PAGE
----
Tuesday, 16 January 2007: 11:30 AM
Tropical Cyclone Wind Probablities: Better Defining Uncertainty at the National Hurricane Center
214C (Henry B. Gonzalez Convention Center)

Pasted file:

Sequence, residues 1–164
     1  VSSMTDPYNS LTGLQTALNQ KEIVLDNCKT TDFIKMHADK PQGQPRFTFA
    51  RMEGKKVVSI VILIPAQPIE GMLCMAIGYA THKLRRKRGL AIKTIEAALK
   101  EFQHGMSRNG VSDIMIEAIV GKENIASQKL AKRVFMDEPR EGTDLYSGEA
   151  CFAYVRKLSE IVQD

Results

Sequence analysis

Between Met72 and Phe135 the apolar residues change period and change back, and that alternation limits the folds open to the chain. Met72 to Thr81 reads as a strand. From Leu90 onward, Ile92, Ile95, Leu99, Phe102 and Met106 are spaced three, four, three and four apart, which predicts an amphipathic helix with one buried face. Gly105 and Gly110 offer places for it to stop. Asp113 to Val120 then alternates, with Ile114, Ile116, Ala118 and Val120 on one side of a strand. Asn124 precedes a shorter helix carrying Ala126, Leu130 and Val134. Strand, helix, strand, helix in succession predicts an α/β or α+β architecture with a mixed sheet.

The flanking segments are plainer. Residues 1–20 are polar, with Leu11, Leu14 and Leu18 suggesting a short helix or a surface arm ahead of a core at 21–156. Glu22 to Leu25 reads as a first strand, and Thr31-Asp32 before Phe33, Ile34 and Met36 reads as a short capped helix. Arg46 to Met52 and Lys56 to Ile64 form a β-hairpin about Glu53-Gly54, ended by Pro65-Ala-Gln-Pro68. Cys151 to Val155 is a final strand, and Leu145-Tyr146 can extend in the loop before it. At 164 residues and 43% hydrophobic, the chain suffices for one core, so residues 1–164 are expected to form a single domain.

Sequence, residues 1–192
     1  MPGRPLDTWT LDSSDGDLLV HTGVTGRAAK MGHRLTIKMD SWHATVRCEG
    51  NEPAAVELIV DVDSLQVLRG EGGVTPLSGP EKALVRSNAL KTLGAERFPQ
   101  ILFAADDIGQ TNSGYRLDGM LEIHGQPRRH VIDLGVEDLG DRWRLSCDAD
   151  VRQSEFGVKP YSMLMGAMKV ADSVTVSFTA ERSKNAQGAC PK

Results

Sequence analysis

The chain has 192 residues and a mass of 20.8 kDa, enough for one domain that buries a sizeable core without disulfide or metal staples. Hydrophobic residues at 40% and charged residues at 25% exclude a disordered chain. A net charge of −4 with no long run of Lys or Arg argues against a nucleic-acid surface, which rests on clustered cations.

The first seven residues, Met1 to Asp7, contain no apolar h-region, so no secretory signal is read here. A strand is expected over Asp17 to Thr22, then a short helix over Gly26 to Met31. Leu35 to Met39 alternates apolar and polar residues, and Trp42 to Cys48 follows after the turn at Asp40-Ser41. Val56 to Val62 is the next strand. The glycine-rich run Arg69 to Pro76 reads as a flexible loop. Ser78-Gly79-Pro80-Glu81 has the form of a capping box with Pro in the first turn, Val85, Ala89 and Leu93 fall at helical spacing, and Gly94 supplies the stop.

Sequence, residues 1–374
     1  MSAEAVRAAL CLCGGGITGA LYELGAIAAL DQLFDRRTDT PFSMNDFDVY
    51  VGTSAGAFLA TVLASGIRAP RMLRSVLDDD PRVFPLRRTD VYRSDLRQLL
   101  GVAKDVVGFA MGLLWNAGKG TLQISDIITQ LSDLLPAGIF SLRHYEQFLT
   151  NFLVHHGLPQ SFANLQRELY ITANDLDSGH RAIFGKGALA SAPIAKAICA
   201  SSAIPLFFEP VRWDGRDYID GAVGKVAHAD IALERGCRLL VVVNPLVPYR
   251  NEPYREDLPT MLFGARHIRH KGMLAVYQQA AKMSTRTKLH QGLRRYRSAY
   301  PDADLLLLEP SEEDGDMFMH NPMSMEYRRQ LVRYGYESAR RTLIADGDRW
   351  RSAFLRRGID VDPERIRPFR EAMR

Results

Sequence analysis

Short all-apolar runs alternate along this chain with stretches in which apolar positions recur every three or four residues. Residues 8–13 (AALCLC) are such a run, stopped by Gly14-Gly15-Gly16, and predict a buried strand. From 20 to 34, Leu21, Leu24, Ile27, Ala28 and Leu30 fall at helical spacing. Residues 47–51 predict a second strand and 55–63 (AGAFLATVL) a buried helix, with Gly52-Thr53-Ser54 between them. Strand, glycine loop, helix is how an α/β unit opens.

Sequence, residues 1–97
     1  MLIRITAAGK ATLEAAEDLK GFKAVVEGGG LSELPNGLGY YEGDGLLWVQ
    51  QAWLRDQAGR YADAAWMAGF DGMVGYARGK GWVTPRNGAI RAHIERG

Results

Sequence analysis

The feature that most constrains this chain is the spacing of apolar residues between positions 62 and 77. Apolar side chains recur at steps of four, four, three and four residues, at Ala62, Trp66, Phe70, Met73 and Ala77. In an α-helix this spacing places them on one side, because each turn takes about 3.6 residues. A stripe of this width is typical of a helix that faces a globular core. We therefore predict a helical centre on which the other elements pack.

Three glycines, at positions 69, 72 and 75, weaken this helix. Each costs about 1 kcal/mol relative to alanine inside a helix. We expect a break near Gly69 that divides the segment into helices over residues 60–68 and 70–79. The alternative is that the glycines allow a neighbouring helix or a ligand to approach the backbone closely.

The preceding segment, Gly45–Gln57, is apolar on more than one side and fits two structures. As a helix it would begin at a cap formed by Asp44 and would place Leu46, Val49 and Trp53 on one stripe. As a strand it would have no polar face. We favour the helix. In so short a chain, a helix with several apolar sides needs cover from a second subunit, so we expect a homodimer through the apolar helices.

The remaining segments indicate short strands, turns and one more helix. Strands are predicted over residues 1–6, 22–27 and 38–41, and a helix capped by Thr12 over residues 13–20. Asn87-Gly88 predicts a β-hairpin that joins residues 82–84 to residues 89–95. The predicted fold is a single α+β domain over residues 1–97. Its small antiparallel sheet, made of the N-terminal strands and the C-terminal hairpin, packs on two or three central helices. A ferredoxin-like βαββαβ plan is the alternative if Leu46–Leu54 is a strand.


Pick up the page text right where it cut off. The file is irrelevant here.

Tropical cyclone surface wind speed probabilities text and graphical products issued by the Tropical Prediction Center/National Hurricane Center (TPC/NHC) became operational at the start of the 2006 hurricane seasons in the Atlantic and eastern North Pacific basins. The underlying techniques were developed by researchers at NOAA and Colorado State University, while the products themselves were developed by the Technical Support Branch (TSB) at TPC/NHC. The tropical cyclone surface wind speed probabilities products provide probabilities of sustained (1-minute average) surface (10-meter altitude) wind speeds of at least 34 kt (39 mph, tropical storm force), 50 kt (58 mph), and 64 kt (74 mph, hurricane force) at individual locations in the Atlantic and eastern North Pacific basins. The probabilities are based on errors during recent years in the official track and intensity forecasts issued by the TPC/NHC. Variability in tropical cyclone size (wind radii) is also incorporated. A previous product - the discontinued strike probabilities - was a statement about the "close" approach of the center of a tropical cyclone. However, the wind speed probabilities products are about the weather. That is, the wind speed probabilities provide the chances of wind speeds equal to or exceeding familiar thresholds (for example, tropical storm force and hurricane force) at individual locations. Therefore, these probabilities likely have more direct meaning and impact to users.